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Night Season

“Your word is a lamp to my feet and a light to my path.”
Psalm 119:105


I was listening to a familiar old hymn today, and noticed the phrase “In the Night Season”. When I was young I thought those words meant night-time. You know, when the sun went down, and it was night. But today I realized the author of that song meant hard times, dark valleys, or total heartbreak.

It’s easy to praise God and give Him full credit when we’re experiencing shady days, and cool, quiet nights. The breeze of life’s happy events fluffs our spirit, and puts a spring in the step. We can’t imagine life any other way. For sure, God is SO good, He’ll get us through anything, how can we possibly question the future?

But then hard times hit: The spouse calls it quits, the cancer is terminal, the accident victim doesn’t survive, or the baby who was longed for doesn’t arrive. Night Season has come like a dark enveloping shroud, leaving its’ victim sobbing, perhaps even screaming in anguish. Their breath comes in choking gasps while struggling to stand upright and staggering through the days that follow. They go through the motions, nodding in acknowledgment to endless condolences, accepting sorrowful hugs. But even on the sunniest day, it still feels like night. Sleep comes, but only for short hours, then silence fills the darkness.

The rest of the world sleeps on, but there will be no more for sleep for the person struggling through their Night Season. Questions parade through their exhausted head: “What now? Who will help me? What about the kids? How can I face another day?” But the darkness holds no answers.
 
It’s the Night Season. And as days progress to weeks, people go back to their job, their family, their lives. But the person suffering through their Night Season is left in the dark. It encompasses both the body and the soul. It’s in every sigh, every unwanted meal, and in more sleepless nights.
 
I was in the worst Night Season of my life when I read these words: “God allows hard times to bring glory to Himself.” I thought: “WHAT? How can that be? It’s so dark, how can this bring glory to my God? I can’t move! I can’t stop crying! I can’t formulate sentences. People tell me details of conversations I don’t recall having. This can’t possibly be glorifying God!” Yet I had to admit, I was always aware of God’s care, and His presence.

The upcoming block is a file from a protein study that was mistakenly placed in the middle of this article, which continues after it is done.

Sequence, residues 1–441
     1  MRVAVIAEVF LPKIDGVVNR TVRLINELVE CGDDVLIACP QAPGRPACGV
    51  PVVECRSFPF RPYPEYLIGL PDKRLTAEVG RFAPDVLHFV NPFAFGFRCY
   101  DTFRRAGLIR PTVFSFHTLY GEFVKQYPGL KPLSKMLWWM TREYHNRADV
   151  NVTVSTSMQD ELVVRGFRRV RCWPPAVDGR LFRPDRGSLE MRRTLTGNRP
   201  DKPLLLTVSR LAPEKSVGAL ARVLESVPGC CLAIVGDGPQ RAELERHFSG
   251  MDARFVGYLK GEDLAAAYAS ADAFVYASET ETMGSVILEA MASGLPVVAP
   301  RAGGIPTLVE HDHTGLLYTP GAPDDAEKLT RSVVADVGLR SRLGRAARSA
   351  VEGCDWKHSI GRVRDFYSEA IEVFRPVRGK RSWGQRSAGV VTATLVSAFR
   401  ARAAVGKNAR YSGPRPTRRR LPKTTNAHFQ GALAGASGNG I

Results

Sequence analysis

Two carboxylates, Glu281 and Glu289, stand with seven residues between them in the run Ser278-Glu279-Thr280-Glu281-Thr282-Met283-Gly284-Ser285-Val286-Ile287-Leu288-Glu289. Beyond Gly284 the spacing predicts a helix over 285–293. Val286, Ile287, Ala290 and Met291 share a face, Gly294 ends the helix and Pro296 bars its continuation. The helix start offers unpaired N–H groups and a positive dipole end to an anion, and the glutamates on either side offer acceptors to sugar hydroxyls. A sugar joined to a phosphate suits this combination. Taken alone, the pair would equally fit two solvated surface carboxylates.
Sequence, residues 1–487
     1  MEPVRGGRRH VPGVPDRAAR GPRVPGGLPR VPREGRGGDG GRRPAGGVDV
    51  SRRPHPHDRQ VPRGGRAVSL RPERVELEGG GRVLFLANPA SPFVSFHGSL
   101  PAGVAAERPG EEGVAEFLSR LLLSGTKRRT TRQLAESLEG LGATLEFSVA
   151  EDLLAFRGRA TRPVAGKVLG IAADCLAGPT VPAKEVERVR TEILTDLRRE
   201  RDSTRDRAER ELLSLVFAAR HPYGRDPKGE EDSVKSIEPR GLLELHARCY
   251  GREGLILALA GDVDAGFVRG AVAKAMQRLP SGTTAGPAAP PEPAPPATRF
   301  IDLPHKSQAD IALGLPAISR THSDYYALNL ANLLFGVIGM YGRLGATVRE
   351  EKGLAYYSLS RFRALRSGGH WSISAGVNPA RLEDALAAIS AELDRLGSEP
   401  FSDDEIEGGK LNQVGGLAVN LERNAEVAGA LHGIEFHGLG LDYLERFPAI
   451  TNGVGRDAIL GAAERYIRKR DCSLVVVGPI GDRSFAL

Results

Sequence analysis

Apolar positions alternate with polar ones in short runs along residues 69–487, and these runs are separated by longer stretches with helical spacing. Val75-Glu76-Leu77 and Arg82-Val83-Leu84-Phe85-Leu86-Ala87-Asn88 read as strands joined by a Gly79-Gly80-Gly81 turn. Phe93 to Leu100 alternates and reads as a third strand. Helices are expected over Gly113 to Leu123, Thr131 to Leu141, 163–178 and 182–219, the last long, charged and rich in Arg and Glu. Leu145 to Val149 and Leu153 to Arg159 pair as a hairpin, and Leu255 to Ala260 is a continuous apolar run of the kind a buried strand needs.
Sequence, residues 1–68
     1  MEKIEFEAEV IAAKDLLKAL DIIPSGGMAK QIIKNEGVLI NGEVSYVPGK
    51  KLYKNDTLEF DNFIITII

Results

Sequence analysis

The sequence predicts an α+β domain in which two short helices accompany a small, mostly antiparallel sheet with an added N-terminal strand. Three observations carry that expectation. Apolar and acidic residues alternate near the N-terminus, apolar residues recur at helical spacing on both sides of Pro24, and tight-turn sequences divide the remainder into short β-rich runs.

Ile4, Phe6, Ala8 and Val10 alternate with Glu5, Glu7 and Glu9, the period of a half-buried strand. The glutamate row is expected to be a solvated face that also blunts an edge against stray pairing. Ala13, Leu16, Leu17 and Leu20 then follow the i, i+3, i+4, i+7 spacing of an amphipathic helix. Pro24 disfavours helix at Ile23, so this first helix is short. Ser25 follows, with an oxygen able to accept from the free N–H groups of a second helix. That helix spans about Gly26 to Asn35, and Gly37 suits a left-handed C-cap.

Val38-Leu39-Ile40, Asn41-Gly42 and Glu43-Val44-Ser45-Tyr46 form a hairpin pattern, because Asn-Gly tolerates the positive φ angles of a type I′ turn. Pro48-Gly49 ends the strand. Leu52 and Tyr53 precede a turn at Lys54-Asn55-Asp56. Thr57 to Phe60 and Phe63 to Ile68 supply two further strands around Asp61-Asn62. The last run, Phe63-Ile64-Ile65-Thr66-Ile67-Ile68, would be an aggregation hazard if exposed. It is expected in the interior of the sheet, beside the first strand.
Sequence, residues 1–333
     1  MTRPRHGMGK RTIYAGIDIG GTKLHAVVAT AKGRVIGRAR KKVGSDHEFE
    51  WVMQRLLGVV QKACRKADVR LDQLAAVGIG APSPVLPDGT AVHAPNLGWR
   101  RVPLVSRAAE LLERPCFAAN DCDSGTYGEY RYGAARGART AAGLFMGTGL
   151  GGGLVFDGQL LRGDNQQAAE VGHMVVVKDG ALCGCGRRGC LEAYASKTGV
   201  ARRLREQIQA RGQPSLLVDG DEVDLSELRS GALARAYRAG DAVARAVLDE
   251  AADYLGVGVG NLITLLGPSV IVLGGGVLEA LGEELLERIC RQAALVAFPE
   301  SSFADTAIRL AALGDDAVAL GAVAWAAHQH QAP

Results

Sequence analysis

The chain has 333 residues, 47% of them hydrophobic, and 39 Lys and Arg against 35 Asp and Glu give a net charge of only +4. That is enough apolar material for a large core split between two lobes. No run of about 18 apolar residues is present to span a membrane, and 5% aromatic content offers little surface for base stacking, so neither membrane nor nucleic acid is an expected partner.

When I forced my mind to think only of God, I found He was right there, holding me while I wept against His chest. I wondered aloud how long this searing pain would last. No one offered pat answers: “It’s different for everyone.” That wasn’t much help. I wanted a time-line, something concrete to look forward to.
 
But God had a different plan. Each day and then in the night, He assured me of His loving for me and I became more aware of His presence than I ever had in my life. As the days turned into weeks I saw that He was making a path before me. When I had no idea how I would make it around the next bend in life’s road, I arrived to find that He had taken care of the unknown details ahead of me. Sometimes the realization of His Presence going before me took my breath away. God was getting glory by showing Himself to me in ways I had never seen before.
 
Dark times don’t only come when tragedy strikes. Sometimes discouragement and despondency arrive with a truck-load of ‘small’ problems. The car breaks down, the kids get sick, the phone quits working, and someone is inexplicably rude. By itself, one of these events might be tolerated, but when they all arrive in a short time, it’s easy to question God: “What in the world?”

Sometimes it’s harder to trust God during times of small inconveniences than it is during the BIG ones. After all, none of these small events are life threatening. Other people have it so much worse than we do, so why does it feel like the darkness is threatening to engulf us? It’s the Night Season.

 

Charles Spurgeon said: “I’ve learned to kiss the wave that slams me into the Rock of Ages.”

 

Times of intense darkness force us to seek the only true Light to guide our way. God has promised He will never leave us or forsake us and He cannot fail, even when we don’t feel His presence. His Word is a light for us to follow—guiding the way through dense darkness.

 

Sometimes we don’t see that light, because we’re too intent on the darkness. We can’t stop thinking about the problems or tragedy that has brought us to our Night Season. That’s when we need to wait on the Lord.


‘Waiting’ is much more an attitude than it is a position. It’s a quiet expectation, knowing God has everything well planned and perfectly timed. That waiting is not frantic or edgy, but is peaceful, and trusting. It’s the time we turn off the radio in the car or we shut off the TV and the phone while we let our heart empty out before Him.

 

Shutting off noises and forcing ourselves to listen in the stillness is an intense act of the will. But the real Light for our life’s darkness is found in quiet consideration of God’s Word. “Be still and know that I am God.” We will hear Him when we stop to listen. We need to schedule God into our lives just as we would schedule a day off or dinner with friends. With careful consideration we will see where we can forgo other details in our lives, and spend that time instead reading the Bible while quietly contemplating our loving Heavenly Father.

 

The song that refers to ‘Night Season’ is called God Leads Us Along. Take a moment to play the video I have attached here and read the lyrics written on the screen. It will encourage you to consider God’s loving hand that is offering to lead you through your Night Season.

 

I have waited quietly for God many times during my Night Seasons. He has always met me there and led me safely through the darkness. I know He will do the same for you.


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